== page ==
• Join over 1.2 million students every month
  • Accelerate your learning by 29%
  • Unlimited access from just £6.99 per month

How Beatrice and Benedick's relationship is presented in Shakespeare's comedy 'Much Ado about Nothing?'

Extracts from this document...


How Beatrice and Benedick's relationship is presented in Shakespeare's comedy 'Much Ado about Nothing?' Beatrice and Benedick are one of Shakespeare's famous couples that light up the stage, I think: although hero and Claudio are supposed to be the main characters Benedick and Beatrice, absorb most of the interest. 'Let but Beatrice and Benedick be seen, lo in trice The cockpit, galleries, boxes, all are full' (Leonard Digges, 1640) As they play begins , the men are coming back from war, Beatrice displays interest in Benedick from the start as she enquires about 'Signor Mountanto' referring to Benedick, she uses the word 'Mountanto' which is a fencing term for 'an upright blow or thrust' She probably intends it with a sexual innuendo also since a stallion 'mounts' a mare. She is the one who first mentions him, who brings him up again in a seeming irreverent context in act 2 scene 1 'he is the prince's jester, a very dull fool' it seems as though she is creating an image of herself as a feminist . her 'merry war' with Benedick, however she does give a lot of importance to Benedick. The audience knows enough to identify the different characters especially the object of Beatrice's interest 'Signor Mountanto' otherwise known as 'signor Benedick of Padua' - who engages immediately with her quick fire exchange of insults the 'merry war'. When the 'merry war' begins the audience can feel the sexual tension between the two characters, as Beatrice says 'is it possible Distain should die while she hath such meet food to feed it as signor Benedick?' she says meet, which means appropriate and with a pun on 'meat' this shows she is thinking of his manhood, showing the sexual tension between Beatrice and Benedick. 'I am loved of all ladies, only you excepted' Benedick picks up on the point that she doesn't find him attractive, this explains he does care about her opinion more than any one else's , this can be seen when Claudio confides in Benedick about his love of hero; ' can the world buy such a jewel?' ...read more.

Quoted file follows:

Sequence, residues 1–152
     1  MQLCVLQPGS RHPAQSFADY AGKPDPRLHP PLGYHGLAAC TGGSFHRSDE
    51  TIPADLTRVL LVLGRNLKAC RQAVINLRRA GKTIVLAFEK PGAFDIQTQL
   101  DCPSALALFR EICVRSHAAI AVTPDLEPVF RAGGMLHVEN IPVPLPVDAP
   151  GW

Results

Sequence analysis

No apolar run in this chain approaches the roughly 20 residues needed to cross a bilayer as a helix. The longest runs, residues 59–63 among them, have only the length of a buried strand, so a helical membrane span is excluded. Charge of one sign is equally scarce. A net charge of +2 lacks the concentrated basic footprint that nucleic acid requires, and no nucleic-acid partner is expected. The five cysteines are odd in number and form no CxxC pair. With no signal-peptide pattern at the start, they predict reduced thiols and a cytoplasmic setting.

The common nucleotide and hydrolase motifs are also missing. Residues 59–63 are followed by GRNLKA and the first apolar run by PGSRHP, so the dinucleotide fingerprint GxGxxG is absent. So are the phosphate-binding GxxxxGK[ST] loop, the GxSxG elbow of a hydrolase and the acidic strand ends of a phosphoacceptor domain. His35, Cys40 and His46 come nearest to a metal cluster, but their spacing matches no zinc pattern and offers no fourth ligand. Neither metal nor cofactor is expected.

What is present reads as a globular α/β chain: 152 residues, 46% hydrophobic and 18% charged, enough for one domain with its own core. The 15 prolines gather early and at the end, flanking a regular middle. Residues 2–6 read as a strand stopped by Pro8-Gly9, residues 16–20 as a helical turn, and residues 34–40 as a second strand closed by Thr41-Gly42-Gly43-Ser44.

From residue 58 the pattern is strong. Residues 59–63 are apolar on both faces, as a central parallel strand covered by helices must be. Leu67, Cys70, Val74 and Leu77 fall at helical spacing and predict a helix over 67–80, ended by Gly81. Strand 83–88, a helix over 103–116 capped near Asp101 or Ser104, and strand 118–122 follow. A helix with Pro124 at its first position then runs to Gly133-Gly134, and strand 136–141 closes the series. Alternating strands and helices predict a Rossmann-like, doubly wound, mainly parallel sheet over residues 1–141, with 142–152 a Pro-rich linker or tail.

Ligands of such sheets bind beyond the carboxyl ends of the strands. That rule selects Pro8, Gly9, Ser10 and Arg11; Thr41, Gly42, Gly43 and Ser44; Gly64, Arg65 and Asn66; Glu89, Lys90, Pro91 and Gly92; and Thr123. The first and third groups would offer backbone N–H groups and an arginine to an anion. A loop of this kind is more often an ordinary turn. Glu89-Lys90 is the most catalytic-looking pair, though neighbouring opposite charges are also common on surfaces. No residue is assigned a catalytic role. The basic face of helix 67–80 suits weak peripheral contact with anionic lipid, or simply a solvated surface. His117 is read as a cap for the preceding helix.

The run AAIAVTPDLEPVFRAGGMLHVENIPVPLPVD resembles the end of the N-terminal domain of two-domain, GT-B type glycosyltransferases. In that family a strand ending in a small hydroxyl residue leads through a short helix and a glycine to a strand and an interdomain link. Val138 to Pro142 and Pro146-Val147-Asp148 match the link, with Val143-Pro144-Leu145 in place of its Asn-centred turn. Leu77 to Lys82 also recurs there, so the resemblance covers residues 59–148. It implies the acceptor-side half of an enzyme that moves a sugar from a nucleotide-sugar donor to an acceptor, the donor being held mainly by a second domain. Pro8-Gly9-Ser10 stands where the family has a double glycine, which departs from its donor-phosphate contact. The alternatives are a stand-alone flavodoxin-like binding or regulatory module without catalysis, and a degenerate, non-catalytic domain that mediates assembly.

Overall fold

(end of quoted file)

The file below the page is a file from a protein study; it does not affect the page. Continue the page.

Sits the wind in that corner?' is that how things are? Here surprisingly Benedick doesn't seem disgusted, but entranced, here another part of the mask falls off, he is interested in requiting her love. Claudio, Leonato and Don Pedro are eager to 'hook 'Benedick, 'bait the hook well. This fish will bite' Claudio says this aside excited by the chance to make a fool out of Benedick, as he has usually been targeted by Benedick's scorn. Leonato mentions hero to make the trick more convincing 'she will sit you-you heard my daughter tell you how.' They break Benedick down 'hath a contemptible spirit' that he doesn't have a good nature but a loathsome one, Don Pedro uses this language to make Benedick vulnerable, when someone is vulnerable it is easier to convince them. Then Claudio builds him up 'he is a very proper man,' Suggesting that Beatrice must love him as he is an attractive man. Leonato takes a chance and tells a joke 'she found 'Benedick' and 'Beatrice' between the sheets.' Shakespeare includes Leonato's joke to add, realism to the conversation so it convinces the audience as well that they can perform. 'That' Claudio expresses disappointment that Leonato tells such an old joke so badly. In lines 160-5 Don Pedro begins to carry the joke to a point of mockery of Benedick that endangers the success of the plot, then realises his error and with 'the man doth fear god' corrects it. Don Pedro concludes: 'I could wish he would modestly examine himself to see how much he is unworthy so good a lady' after this Benedick does examine himself, he changes his appearance in act 3 scene 2 this shows the audience that he picked up on Claudio's point that 'he is a proper man' attractive and good looking, hence he tries to improve his appearance that would attract Beatrice. Benedick intersperses this 'secret' discussion with constant asides, demonstrating how he immediately believes what they say. ...read more.